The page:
Tips: Physical Environment
1. Indoor Air Quality (IAQ) refers to the comfort condition of air in the facility. IAQ is a function of air temperature, humidity, cleanliness (pollutants in the air) and air distribution (circulation).
2. Some of the common sources of indoor air pollution include tobacco smoke, biological organisms, building materials and furnishings, cleaning agents, copy machine materials, and pesticides.
3. Some of the symptoms associated with inadequate IAQ include dry mucous membranes, headaches, dry or itchy skin, dizziness and nausea, eye/ear/throat irritation. But please note that these symptoms can originate outside the building as well as inside the building.
4. Bring in plants to improve the air quality around the office. Plants minimize the accumulation of carbon dioxide.
5. NASA has recommended the following plants to improve IAQ: thin-leafed spider plant, Chinese evergreen, peace lily, philodendrons, golden
pothos, ficus, mother-in- law's tongue, and English ivy.
6. To improve air quality in the facility, avoid hampering air distribution. Do not place furniture or personal articles in positions where they block ventilation registers.
7. To improve air quality in the facility, always remember to properly store adhesives, solvents, and any other potential air-borne contaminants. Store items like these in a well-ventilated area.
8. To improve air quality in the facility, stay home when you are sick (don't share your germs with your co-workers).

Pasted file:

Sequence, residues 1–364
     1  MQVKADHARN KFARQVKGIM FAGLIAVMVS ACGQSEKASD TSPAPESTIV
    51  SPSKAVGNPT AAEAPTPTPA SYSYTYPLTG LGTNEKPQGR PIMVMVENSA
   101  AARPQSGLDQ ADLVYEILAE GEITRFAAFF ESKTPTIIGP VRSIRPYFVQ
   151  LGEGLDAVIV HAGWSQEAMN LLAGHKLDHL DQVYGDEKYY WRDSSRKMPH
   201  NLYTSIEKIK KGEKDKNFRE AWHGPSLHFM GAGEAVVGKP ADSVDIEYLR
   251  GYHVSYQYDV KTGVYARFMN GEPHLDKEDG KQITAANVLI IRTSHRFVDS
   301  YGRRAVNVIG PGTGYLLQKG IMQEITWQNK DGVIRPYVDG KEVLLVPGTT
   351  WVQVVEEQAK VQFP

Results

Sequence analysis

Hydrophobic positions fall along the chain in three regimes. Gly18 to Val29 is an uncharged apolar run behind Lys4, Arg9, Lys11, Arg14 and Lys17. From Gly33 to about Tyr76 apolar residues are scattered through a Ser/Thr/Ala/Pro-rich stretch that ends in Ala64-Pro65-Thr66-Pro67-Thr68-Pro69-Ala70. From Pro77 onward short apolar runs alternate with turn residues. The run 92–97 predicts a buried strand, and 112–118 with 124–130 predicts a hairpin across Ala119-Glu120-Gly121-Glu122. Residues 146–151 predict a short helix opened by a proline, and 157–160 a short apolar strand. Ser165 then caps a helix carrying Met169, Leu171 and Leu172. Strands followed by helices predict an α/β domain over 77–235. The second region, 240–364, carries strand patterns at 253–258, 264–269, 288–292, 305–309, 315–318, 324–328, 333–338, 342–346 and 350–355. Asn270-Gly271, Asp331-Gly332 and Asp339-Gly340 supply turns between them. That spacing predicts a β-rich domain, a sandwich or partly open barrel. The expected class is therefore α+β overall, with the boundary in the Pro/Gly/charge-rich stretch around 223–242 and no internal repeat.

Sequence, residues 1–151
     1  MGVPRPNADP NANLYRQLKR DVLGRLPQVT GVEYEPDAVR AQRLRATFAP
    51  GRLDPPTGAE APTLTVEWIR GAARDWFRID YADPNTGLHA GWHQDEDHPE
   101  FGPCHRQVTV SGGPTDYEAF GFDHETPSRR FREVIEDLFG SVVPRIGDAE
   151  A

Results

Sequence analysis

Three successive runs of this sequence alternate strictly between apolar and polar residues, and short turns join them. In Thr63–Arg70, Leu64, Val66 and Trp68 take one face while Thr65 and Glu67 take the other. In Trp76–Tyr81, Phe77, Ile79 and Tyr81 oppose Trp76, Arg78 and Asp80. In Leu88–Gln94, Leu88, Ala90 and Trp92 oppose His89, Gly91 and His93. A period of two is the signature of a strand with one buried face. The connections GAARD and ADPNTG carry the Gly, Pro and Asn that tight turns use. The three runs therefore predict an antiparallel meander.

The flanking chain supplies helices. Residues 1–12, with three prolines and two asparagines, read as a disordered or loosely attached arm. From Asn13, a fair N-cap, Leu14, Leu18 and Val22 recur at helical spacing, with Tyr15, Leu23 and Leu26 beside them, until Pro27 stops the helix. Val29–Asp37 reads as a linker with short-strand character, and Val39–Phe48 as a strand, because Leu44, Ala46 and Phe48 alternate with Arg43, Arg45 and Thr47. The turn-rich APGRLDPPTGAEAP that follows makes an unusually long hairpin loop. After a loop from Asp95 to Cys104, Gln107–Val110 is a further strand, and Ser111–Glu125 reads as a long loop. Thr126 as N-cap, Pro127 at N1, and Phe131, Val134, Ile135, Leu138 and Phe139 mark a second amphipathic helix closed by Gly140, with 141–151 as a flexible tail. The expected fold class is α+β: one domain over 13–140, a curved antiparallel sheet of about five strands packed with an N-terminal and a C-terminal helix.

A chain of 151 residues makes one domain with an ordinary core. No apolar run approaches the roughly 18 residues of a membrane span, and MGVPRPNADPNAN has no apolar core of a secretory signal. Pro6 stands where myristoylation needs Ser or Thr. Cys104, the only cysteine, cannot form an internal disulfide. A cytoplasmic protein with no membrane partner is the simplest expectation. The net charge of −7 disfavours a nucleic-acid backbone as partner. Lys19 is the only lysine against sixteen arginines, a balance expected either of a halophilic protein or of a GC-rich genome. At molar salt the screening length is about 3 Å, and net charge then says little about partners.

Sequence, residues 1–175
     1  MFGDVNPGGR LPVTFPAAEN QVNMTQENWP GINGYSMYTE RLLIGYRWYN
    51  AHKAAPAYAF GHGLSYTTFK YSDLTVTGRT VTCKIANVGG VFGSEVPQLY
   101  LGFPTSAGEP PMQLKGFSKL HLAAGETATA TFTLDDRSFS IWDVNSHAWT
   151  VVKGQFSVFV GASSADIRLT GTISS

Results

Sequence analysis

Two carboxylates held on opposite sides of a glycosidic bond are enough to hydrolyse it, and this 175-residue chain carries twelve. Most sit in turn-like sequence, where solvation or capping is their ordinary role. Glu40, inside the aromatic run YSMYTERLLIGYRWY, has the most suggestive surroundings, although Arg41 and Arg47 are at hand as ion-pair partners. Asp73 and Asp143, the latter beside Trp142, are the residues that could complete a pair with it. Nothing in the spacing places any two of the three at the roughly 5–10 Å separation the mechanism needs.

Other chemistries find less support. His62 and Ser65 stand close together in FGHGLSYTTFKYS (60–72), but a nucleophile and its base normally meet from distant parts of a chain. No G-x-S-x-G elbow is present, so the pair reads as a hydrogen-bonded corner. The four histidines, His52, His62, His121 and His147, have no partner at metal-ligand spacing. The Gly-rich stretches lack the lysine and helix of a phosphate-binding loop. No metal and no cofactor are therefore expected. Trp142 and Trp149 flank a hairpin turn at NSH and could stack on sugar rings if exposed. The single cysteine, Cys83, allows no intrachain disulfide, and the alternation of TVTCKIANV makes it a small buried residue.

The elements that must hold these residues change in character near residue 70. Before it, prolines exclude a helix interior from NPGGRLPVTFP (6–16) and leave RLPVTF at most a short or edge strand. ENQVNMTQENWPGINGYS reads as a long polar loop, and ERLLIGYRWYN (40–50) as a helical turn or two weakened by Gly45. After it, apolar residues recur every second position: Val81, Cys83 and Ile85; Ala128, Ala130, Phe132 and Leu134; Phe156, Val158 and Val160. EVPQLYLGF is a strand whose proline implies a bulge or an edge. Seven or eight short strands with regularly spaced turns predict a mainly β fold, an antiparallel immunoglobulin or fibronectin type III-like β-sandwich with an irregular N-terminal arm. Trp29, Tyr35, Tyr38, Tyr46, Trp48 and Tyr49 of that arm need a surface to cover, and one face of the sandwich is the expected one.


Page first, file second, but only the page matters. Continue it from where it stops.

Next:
9. Sometimes we feel the air is too dry in the office. If this is the case, ask your supervisor if you can bring in a humidifier for your workstation, or see if the company will provide one.
10. There is a lot of concern over "radiation" (electromagnetic fields) emitted from computers. Fortunately, most research suggests that computers emit radiation at levels so small that it does not present any health risk to users.
11. Do computers emit radiation? Yes, just like TV's and dishwashers and hairdryers emit radiation. The type of radiation emitted from computers is non-ionizing radiation, which has not traditionally been linked to adverse health effects as has ionizing radiation (X-rays, etc.)
12. To minimize exposure to radiation at your computer, select a monitor with a low EMF (electromagnetic field) rating. The monitor should say that it meets
13. To minimize exposure to radiation at your computer, do not sit too close to the monitor. Avoid a work area layout where you are seated close to the rear or sides of a monitor (yours or a co-worker's).
14. Keep about 19" between you and the rear or side of the nearest adjacent computer to minimize radiation exposure. Keep at least 18" between yourself and the viewing screen (for viewing reasons, not radiation reasons).
15. To minimize exposure to radiation at your computer, install an anti-static filter on the monitor to reduce electric and electrostatic fields.
16. To minimize exposure to radiation at your computer, install a metallic alloy strip around the sides of the monitor.
17. It is almost impossible to please everyone in the company when it comes to temperature. However, most people are most comfortable when the temperature is between 70-75 degrees Fahrenheit (maybe a little warmer in the summer).
18. If you feel uncomfortably hot or cold, ask your supervisor if you can bring in a space heater or fan, or if the company will provide one.
19. If you sit near an air vent and you feel uncomfortably hot or cold, see if you can move (the solution is NOT to block the vent).
20. Drink plenty of fluids during the day to minimize the effects of a "hot" working environment. Water is about the best fluid in terms of quick hydration of the body. As a general rule try to drink at least 8 cups of water during the day.
21. Keep water at your desk so you can take a drink whenever you feel like it.
22. Avoid heavy caffeine intake under "hot" working conditions.
23. Remember that the first symptom of dehydration is fatigue, not thirst.
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